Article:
these few years, annoyed the commerce of every maritime nation, a much greater number have been committed by the subjects of other powers than by citizens of the United States. The lawful commerce of the United States themselves has suffered by these depredations, perhaps more than that of Portugal. When brought within the jurisdiction of the United States the pirates have been punished by their laws and restitution has been made to its owners of property captured by them. Should any citizen of the United States, guilty of piracy, be captured by the Portuguese government, the United States will in no wise interfere to screen them from punishment.
The citizens of the United States are amenable also to the tribunals of their own country, as the people of Portugal are to theirs, for any wrong done by them to the subjects of other nations. For acts of so aggravated a nature as piracy, the authority of the government of the United States itself is not competent to withdraw them from the jurisdiction of their natural judges, or to subject them to a trial consisting partly of foreigners, and without the intervention of a jury. These principles of protection and security to individual rights are doubtless well understood, and will be duly appreciated in Portugal, under the liberal system of government now established in her own dominions.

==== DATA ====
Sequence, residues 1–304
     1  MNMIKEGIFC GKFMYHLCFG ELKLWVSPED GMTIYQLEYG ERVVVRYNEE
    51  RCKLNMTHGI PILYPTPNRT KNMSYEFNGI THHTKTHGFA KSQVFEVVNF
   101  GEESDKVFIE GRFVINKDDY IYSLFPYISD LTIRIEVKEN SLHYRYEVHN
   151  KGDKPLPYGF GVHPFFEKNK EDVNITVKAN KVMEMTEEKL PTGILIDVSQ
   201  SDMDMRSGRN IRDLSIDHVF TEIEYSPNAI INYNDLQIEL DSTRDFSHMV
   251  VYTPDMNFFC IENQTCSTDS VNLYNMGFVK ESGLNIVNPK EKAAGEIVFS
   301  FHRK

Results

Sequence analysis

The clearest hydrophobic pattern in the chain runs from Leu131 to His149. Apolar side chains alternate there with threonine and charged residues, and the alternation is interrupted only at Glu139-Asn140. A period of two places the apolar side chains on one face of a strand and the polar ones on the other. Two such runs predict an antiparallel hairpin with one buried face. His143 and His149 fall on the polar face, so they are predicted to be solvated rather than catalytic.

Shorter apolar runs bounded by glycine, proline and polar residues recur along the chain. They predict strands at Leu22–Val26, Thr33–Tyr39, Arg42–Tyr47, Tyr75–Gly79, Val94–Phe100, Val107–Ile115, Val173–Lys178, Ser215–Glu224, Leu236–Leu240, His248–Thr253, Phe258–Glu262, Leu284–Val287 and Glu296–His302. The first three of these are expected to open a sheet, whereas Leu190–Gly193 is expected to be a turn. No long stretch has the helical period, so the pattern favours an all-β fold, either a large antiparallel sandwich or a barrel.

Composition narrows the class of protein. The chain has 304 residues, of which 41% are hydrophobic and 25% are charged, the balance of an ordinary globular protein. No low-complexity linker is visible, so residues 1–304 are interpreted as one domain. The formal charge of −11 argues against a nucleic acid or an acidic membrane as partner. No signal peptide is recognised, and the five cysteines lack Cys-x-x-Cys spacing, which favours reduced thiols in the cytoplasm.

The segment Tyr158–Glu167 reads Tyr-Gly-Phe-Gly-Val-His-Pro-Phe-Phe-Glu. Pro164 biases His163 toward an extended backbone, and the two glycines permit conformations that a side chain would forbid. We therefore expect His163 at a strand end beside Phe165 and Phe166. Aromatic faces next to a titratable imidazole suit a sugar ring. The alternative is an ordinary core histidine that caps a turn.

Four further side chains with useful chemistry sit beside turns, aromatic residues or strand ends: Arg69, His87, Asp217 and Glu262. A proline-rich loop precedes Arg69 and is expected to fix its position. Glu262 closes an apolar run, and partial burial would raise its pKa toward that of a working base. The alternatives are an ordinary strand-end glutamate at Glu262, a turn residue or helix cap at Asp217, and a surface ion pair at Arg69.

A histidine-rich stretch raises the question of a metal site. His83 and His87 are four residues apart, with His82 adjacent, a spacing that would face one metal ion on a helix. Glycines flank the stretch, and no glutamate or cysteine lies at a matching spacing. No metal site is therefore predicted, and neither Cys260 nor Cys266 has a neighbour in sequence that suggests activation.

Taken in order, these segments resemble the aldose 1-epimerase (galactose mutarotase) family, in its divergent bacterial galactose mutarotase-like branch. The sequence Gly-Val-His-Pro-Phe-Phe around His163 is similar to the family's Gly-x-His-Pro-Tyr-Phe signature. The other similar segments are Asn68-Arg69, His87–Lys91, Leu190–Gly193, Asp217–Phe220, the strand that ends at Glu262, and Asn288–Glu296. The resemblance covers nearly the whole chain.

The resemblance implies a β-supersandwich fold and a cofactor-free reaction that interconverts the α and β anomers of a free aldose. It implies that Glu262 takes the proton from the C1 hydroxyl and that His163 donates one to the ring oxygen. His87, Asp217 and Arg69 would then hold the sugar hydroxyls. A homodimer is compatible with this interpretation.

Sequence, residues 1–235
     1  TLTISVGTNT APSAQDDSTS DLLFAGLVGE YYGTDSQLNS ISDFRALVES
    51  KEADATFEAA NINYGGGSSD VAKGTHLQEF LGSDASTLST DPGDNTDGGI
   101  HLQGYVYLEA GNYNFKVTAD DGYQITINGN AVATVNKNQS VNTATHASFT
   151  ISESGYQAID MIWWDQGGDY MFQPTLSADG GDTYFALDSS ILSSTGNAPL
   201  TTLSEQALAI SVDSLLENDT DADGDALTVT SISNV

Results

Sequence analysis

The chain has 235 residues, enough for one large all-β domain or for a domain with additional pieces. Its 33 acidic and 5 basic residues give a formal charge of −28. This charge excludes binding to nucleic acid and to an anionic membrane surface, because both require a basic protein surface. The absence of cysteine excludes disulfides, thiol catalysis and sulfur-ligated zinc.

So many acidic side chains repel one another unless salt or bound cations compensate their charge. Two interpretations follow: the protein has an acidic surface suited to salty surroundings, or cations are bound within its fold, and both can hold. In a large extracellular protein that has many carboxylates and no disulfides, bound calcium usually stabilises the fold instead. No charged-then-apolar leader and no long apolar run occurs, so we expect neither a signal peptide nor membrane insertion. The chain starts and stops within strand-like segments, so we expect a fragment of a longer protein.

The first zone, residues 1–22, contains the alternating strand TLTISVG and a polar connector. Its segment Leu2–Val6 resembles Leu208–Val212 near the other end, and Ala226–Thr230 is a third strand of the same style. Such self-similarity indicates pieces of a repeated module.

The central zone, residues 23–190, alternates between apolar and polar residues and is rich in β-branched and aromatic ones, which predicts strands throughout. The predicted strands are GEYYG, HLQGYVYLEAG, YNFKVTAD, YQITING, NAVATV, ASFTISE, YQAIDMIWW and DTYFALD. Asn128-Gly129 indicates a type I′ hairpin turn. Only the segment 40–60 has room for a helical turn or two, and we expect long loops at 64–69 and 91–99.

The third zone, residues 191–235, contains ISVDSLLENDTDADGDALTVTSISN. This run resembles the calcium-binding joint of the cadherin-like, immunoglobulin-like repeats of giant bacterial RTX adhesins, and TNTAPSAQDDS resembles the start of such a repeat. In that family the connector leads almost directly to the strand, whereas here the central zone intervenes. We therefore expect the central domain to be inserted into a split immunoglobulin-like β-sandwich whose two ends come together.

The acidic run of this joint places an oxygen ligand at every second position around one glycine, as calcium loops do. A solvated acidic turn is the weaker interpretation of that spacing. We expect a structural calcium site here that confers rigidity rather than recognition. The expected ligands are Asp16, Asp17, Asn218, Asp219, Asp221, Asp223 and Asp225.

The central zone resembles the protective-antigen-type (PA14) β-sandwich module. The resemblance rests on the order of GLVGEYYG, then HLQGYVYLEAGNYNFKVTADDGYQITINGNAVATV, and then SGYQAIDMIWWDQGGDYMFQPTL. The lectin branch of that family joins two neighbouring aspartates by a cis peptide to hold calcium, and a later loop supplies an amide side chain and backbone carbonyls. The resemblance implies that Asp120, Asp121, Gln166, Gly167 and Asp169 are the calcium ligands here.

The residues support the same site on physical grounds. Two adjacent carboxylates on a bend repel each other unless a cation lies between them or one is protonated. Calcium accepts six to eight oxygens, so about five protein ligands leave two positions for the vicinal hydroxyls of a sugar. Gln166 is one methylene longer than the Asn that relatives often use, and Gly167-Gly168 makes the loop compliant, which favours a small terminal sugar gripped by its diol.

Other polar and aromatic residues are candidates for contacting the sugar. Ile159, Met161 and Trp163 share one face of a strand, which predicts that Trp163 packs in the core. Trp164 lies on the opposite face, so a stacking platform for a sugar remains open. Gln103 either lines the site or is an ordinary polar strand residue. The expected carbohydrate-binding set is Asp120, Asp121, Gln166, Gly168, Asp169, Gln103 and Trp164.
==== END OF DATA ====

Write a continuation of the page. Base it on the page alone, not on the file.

The laws and the tribunals of the United States are adequate to the punishment of their citizens who may be concerned in committing unlawful depredations upon foreigners on the high seas; at least to the same extent as the laws and tribunals of other nations. The legislation of the United States upon this subject was even rendered more severe and effectual for the suppression of such offences, during the residence here of the Chevalier Correa de Serra, and justice, conformable to the established principles of the
laws of nations, has always been rendered by the courts of the United States to those Portuguese subjects whose property, after capture by pirates or privateers, has been brought within the jurisdiction of this nation. It will continue to be so rendered in all cases which may occur hereafter.